In the electoral college system, each state is given a fixed number of votes based on how many members it sends to the Congress: the House of Representatives and Senate. The House of Representatives is based on population size of each state. But each state, regardless of its population size, also has two members in the Senate. Thus, the electoral votes of a state are its seats in the House, plus two. Since the smaller states have fewer seats – seven states have three votes each – it is important for a candidate to win bigger states with more than 20 electoral votes like California, Texas, New York, Florida, Illinois and Pennsylvania, besides mid-sized states with less than 20 votes. The total electoral college votes are 538 and a candidate needs to hit 270 to win.
Like Hillary, Biden looks assured to win the popular vote. Yet the key question remains – can Trump pull off an electoral college majority once more, even when he is trailing Biden substantially in the popular vote? Some analysts are of the view that Trump still has the electoral college advantage but the road to victory is narrow. This is because polls in the battleground states look good for Biden: he is leading in 10 of the 14 states. That’s one of the reasons why some political analysts have rated Trump’s chances of reelection as low. Some say Biden is likely to win, while others say he is very likely to beat Trump. But things can change, especially when Trump is involved. He has vowed to again defy poll predictions. Certainly, in many ways, 2020 is haunted by 2016.
While most polls show Biden with a substantial advantage, Trump and his supporters are defiant. After all, they insist, that’s what the polls said in 2016 too. This is why Biden and his supporters are both cautious and uneasy. Amid all the noise around election and polls is the voice of an expert – Dave Wasserman. He is one of the few political experts who had predicted in mid-September of 2016 that Trump might lose the popular vote and yet win the electoral college. Wasserman’s prognostication is that compared to 2016, Trump is underperforming. In 2016, he says, the polls were jumping all over the place because the race was very volatile, whereas Biden’s lead this year is pretty stable. Though nothing is certain, in his view Trump’s path looks increasingly difficult. Wasserman is betting on Biden to win the election.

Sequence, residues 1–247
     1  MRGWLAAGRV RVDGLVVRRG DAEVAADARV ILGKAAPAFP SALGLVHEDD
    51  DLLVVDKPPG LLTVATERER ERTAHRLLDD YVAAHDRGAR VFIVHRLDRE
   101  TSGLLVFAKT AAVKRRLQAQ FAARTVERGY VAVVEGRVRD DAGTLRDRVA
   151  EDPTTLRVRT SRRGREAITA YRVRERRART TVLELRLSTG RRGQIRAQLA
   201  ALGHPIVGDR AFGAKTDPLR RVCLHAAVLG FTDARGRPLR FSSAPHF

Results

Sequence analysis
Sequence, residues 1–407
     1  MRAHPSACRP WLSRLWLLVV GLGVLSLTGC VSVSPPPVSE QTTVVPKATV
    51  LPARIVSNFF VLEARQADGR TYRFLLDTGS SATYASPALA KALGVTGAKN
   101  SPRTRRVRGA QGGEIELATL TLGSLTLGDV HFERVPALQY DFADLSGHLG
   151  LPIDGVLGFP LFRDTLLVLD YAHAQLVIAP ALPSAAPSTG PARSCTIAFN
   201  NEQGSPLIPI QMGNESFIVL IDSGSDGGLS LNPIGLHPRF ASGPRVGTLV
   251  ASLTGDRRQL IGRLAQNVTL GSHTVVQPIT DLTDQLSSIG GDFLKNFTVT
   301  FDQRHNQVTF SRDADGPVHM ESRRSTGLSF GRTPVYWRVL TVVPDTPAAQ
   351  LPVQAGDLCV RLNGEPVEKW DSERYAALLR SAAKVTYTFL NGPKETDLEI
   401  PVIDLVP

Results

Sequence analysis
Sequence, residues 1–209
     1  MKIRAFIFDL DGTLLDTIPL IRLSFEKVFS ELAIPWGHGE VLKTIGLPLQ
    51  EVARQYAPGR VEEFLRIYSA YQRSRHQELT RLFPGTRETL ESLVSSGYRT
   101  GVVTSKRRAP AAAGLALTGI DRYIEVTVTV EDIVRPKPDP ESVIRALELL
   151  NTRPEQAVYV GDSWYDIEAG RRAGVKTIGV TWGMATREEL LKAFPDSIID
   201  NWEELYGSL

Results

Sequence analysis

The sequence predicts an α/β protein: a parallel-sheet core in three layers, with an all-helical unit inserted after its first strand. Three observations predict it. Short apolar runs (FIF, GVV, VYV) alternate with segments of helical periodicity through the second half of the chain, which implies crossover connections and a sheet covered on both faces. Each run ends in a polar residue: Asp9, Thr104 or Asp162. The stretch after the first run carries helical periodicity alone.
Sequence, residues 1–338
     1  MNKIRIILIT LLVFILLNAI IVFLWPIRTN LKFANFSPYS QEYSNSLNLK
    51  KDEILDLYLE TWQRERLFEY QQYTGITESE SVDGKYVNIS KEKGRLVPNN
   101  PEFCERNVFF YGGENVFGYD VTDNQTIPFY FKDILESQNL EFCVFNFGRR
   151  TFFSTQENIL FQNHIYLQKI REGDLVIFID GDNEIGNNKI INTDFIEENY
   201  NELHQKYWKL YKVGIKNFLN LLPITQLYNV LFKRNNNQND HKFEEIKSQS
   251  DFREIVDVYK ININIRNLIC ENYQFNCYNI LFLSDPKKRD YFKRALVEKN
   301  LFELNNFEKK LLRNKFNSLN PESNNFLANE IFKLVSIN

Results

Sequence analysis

Early voting has been on since mid-September and according to the US Elections Project, more than 93 million votes have already been cast, which is little more than half of the total votes. Early votes are expected to be largely Democratic votes, while Election Day voters are expected to be excessively Republican. Early votes are of two types – in-person and mailed-in. Trump has a problem with postal ballots. He has castigated mailed-in votes which, in his view, could be fraudulent. His denouncement of postal ballots could have some serious consequences, including a legal challenge on the validity of mailed ballots in the US Supreme Court, which has a conservative majority after Trump nominated a conservative judge, Amy Coney Barrett, to the Supreme Court last week.
The 2020 presidential election is likely to smash records as turnout is expected to be higher than in any election in the past century. The tallying too stands a chance of setting records – in how long it takes for the ballots to be counted, in how widely the results diverge from poll predictions and, if the vote is close, in how fiercely the results are contested in the courts and in Congress.
The author is an independent senior journalist